Beginning Breaking Bad

This past week I began watching Breaking Bad, a series known to be one of the best to ever grace television. Despite its notoriety, I’ve only just now gotten around to starting it. So far I am only two episodes deep, but I’d like to talk about first impressions because of a comment my friend made when we started it together. They remarked that they — and a lot of other people — didn’t like the first couple of episodes of the series, and it wasn’t until the season really got going that the series began to shine.

To begin with, even only two episodes in I can see why the show is considered of high quality. The performances are really strong, especially by Bryan Cranston and Aaron Paul, and I see the makings of a very strong dynamic between the two already. The unlikely pairing of an aged high school teacher and his former student turned drug addict washout making crystal meth is compelling on its own, and the two actors play off of each other well.

Having learned a lot about the show through general awareness of it and people talking about it has made the experience of meeting Walter White at the beginning of the series very interesting as well. His appearance is very meek and ordinary, contrasted with the later more menacing imagery that you see on posters and promotional material. It is fascinating to be able to notice this because this will allow me to be hyperaware of the character development that White will go through as the series progresses. I wonder how much will change, how much will stay the same, and how much was clearly always there in the first place waiting to reveal itself.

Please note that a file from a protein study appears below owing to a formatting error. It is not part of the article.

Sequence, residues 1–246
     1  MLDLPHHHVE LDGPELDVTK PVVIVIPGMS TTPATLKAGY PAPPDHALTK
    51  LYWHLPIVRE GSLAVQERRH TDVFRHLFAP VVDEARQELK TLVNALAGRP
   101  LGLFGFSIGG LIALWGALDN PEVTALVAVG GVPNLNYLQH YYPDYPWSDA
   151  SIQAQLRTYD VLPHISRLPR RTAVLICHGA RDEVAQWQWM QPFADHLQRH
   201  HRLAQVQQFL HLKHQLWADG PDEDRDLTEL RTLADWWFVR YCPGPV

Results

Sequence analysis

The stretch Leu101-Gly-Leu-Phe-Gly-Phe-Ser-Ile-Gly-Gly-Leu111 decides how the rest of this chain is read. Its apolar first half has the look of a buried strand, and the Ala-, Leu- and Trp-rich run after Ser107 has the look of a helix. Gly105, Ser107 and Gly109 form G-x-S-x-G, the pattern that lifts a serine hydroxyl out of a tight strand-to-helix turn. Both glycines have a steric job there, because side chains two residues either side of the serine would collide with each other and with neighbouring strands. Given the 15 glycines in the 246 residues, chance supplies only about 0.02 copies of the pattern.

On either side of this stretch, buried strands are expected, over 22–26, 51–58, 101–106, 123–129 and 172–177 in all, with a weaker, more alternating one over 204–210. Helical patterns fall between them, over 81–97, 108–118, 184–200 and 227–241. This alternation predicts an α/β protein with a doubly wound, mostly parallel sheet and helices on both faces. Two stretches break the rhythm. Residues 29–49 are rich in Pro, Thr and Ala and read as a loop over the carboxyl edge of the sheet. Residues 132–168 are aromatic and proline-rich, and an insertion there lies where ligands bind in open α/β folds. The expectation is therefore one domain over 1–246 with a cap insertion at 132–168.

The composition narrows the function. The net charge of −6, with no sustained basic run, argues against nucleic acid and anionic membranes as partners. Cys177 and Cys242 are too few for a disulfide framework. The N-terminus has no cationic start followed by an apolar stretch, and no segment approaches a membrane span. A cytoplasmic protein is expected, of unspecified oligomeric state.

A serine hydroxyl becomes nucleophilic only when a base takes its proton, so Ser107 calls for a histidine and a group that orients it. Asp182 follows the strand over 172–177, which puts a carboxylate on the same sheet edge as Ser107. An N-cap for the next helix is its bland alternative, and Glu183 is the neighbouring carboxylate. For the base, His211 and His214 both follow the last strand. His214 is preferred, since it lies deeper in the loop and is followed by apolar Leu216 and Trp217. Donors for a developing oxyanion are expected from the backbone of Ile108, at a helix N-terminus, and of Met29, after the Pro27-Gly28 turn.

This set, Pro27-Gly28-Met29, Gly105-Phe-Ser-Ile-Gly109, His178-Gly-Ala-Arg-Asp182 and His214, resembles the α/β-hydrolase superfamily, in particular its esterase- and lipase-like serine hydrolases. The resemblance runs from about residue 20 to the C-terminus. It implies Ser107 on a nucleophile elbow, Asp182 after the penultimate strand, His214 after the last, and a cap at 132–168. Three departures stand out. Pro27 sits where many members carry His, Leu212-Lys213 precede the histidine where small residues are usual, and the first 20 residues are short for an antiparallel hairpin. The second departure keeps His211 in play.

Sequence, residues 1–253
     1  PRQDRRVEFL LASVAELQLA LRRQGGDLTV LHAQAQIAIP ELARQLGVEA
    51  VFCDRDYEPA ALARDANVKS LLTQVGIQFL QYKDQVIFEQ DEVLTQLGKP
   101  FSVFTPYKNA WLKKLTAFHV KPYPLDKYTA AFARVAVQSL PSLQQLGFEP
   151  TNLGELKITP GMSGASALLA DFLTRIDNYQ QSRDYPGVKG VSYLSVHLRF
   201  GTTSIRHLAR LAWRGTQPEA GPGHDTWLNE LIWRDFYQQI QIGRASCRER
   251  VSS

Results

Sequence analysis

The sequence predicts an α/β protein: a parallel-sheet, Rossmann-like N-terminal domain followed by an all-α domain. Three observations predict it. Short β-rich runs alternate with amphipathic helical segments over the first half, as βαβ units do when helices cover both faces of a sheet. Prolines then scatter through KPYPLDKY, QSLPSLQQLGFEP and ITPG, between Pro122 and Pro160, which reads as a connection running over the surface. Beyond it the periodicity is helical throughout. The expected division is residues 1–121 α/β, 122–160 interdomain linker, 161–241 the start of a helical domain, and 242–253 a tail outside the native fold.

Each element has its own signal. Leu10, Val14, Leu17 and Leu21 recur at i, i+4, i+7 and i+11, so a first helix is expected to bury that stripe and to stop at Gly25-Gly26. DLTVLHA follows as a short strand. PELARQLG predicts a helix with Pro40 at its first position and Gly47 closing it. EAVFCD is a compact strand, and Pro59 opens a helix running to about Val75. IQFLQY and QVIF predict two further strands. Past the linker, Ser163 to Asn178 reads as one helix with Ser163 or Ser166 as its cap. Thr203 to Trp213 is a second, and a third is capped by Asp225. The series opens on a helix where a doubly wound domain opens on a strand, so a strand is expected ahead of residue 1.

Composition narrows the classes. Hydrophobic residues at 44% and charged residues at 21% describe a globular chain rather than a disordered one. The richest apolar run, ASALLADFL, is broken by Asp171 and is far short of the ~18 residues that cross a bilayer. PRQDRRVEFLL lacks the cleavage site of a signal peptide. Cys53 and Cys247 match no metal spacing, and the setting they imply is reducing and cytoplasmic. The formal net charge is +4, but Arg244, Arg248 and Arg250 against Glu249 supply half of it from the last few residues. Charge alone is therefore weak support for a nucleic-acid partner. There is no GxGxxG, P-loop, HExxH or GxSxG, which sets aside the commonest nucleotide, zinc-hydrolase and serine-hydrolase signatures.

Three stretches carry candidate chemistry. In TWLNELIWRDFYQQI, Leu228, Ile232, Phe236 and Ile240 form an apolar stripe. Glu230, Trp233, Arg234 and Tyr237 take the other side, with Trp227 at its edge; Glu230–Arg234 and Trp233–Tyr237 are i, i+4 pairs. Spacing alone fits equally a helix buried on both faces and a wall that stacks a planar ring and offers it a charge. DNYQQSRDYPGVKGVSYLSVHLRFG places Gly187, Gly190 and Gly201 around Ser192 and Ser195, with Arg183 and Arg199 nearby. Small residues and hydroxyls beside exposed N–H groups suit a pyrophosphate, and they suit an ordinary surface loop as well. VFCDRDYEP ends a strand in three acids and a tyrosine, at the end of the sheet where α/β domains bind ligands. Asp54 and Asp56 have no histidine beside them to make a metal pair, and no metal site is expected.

This awareness of development has also made watching the first two episodes a bit of a negative experience for myself, however. While I do feel a good enough job was done establishing that Walter White is at a dire point in his life — working two jobs to try and make enough money (one of them a degrading car wash job), being humiliated and unappreciated for his brilliance and passion for chemistry, and suddenly being diagnosed with inoperable cancer — I do not feel they spent enough time effectively breaking the character down.

He is a 50-year-old man, and I can only imagine very set in his ways. The idea of him suddenly being okay with cooking meth and even committing murder is a little hard to believe. I find the circumstances they have established for him to be perfectly acceptable to push a man to the point of absolute desperation, but I feel more like the episodes simply told me this rather than showed me it happen gradually. He is shown to be in conflict with some of the things he has done, but this is all a little after the fact, where I would have liked to see him pushed more in this direction by his circumstances.

I am hopeful, however, that the situations that have developed in the first two episodes are building up inside of him, getting ready to burst forth when things come to a head. He’s due for a meltdown of some kind, and I wouldn’t be surprised if one is coming soon. He’s bottling up a lot of what’s been happening in his life, and it’s not going to stay buried forever.

Despite my criticisms of believability, I do really love that things went wrong almost immediately after he started cooking. Without selling a single crystal or cooking more than a batch his entire situation was compromised, and I think that was quite brilliantly done. It indicates clearly that he’s going to have a hard time earning his success and establishes a strong source of continual conflict for the series — not including, of course, how it compromises his personal life.

While I did have some minor issues with the episodes, it is obvious to me what has made the show so popular and why it is hailed as a masterpiece by its fans. I am eager to continue delving deeper into Breaking Bad and watching Walter White become the icon I recognize.


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